Saturday, April 21, 2012

Free Pattern: The Loopy Lanyard

I'm a college professor who possesses quite a collection of keys. My office is in one building and I teach in two other buildings - and I have keys to the buildings and the rooms. The easiest and safest way for me to transport them is on a lanyard. My first one was ugly - black and red (school colors) - and I mean ugly because I wear neither black nor read. I lean toward the pinks and pastels. So I made my own. And you can, too. 

This isn't your typical lanyard. I've created a simple technique for joining the ends that creates a loop and reduces bulking seams. Follow along!

Cut various pieces/scraps that are 2 1/2" wide. Cut enough to make the lanyard long enough: when you sew these together, the total length will be about 42" - but, it will depend on how long you like your lanyard. I'm almost 5'9" and prefer them a little longer.














Using a 1/4" seam, sew them RST along the 2 1/2" ends.

Do a quick test to see if you like the length. Add more if necessary.


Press in half, wrong sides together. You can see the crease here where I pressed.

If you are stretching the fabric a bit, try some spray starch to stiffen the fabric. It really helped mine!




Open back up and fold outer edge into the crease. Press. Do this for both outer edges.









Fold together and press. The raw edges should be tucked inside.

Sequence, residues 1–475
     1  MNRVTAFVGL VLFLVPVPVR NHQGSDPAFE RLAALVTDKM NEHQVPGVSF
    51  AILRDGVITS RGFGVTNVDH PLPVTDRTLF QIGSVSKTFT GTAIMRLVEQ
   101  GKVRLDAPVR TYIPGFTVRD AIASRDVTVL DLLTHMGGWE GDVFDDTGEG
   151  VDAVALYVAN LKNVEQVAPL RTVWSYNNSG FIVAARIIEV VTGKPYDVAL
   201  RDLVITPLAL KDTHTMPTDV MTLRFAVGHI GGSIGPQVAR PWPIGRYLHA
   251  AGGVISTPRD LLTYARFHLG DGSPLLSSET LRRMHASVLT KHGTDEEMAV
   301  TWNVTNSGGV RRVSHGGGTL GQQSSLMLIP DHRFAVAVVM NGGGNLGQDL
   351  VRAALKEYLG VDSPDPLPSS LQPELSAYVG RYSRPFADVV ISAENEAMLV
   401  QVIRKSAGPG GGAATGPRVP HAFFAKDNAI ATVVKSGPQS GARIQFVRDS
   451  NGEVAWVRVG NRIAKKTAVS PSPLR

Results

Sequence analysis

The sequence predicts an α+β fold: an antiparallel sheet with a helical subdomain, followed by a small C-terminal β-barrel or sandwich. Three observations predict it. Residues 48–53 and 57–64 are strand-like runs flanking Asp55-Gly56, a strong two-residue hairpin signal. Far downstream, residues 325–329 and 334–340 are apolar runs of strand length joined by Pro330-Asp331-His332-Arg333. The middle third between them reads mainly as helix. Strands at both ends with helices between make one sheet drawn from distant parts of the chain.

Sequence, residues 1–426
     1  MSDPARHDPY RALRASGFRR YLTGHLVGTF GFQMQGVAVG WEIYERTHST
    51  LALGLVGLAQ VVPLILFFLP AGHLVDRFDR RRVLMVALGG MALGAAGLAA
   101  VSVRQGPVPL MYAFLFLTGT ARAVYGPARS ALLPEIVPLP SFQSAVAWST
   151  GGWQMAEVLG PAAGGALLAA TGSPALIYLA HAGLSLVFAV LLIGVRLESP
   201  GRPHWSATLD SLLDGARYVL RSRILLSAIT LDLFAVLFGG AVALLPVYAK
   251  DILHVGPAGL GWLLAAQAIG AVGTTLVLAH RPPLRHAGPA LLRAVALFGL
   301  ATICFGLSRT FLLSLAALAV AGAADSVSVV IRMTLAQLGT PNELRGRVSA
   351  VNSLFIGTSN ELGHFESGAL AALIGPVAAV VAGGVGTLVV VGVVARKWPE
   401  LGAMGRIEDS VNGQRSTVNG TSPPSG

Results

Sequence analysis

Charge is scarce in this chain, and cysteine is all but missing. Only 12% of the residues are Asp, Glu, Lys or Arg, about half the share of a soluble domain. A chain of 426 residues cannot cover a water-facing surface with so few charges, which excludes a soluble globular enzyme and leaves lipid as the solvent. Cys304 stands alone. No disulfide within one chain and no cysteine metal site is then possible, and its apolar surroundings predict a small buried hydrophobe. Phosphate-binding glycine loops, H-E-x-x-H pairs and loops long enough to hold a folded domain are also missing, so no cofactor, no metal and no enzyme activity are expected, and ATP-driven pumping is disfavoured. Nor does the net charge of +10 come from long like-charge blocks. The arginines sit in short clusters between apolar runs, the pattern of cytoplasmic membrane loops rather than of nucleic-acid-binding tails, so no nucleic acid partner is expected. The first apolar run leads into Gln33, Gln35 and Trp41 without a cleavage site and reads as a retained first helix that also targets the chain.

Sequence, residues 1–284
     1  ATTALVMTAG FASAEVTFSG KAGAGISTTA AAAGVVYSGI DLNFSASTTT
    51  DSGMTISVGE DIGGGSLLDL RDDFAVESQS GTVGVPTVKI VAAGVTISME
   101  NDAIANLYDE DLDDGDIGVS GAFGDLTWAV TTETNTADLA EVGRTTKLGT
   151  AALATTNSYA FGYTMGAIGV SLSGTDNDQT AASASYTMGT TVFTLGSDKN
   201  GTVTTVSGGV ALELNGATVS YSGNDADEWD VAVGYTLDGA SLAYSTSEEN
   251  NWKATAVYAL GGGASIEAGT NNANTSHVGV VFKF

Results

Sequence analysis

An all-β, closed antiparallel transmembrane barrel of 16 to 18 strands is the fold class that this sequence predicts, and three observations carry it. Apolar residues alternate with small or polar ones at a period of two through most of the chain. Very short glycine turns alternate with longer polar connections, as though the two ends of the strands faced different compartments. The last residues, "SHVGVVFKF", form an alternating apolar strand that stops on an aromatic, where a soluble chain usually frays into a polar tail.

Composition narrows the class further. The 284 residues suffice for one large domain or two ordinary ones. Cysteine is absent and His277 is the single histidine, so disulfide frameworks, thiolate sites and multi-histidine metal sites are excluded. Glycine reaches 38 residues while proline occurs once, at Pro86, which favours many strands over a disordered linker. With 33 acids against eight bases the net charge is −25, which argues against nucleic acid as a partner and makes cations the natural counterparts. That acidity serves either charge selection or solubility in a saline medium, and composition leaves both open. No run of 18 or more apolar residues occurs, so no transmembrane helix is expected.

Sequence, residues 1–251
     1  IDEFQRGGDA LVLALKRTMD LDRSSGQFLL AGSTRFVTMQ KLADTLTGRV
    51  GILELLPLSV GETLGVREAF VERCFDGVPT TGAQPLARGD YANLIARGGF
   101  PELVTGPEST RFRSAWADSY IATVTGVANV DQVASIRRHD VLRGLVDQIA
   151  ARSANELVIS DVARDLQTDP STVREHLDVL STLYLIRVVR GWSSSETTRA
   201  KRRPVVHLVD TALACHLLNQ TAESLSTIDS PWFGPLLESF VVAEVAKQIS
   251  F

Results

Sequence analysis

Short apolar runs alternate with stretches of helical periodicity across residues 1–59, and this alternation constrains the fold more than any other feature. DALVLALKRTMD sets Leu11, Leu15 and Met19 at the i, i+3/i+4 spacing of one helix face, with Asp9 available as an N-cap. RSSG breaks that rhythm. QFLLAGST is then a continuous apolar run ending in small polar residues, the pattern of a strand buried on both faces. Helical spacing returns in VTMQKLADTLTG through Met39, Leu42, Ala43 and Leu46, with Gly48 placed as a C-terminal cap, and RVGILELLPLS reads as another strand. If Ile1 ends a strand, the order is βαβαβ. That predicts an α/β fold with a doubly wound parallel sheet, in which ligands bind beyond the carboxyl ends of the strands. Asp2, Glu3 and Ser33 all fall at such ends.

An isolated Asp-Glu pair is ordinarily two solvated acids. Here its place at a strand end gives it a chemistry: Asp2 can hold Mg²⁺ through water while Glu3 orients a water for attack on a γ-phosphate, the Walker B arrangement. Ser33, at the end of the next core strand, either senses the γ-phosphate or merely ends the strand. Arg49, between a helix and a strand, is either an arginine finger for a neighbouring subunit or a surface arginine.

Open up one end, wrong side up. Fold back the end about 1/2" and press (WST).

Refold the entire lanyard.
















Slide on a swivel hook (3/4") and a key ring.


Place the fabric flat on a table (wrong side up) and open up the ends.














Take the end that is unfinished and place it on top of the end that is folded over. Make sure the lanyard isn't twisted. This is the joining seam (well, I'm calling it that!)













Refold and flatten. Use your fingers to hold this in place.

Head to your machine.












Place the lanyard in your machine so the needle is about 1/2" before the opening/fold that you just created. The open edge should be sewn first (so it's to the right).

I'm using an edgestitch foot with the needle moved over.

Sew all the way around the open/right edge of your lanyard until you've reached your starting point. Stop there with your needle down.











Lift your foot, turn the lanyard. and sew across the fold/joining seam.

Then lift your foot, pivot and sew along the other side of the lanyard.















 


Take your lanyard out and find the joining seam. Move your hook and key ring down to the seam. 









You are now going to sew across the lanyard to hold the swivel hook and key ring in place. The secret to doing this well is to run the right side of your foot up along the ring/hook, move your needle to the right (if you can), and start sewing IN THE MIDDLE. Sew forward to the edge, then in reverse, then back to the middle. Starting and stopping in the middle hides the thread tails .

Repeat for the key ring.



And here is what it looks like! The Loopy Lanyard.
































I've used this loopy technique for detachable handles on little clutches. It works great.



Good luck and have fun! This is a fast and fun project.







14 comments: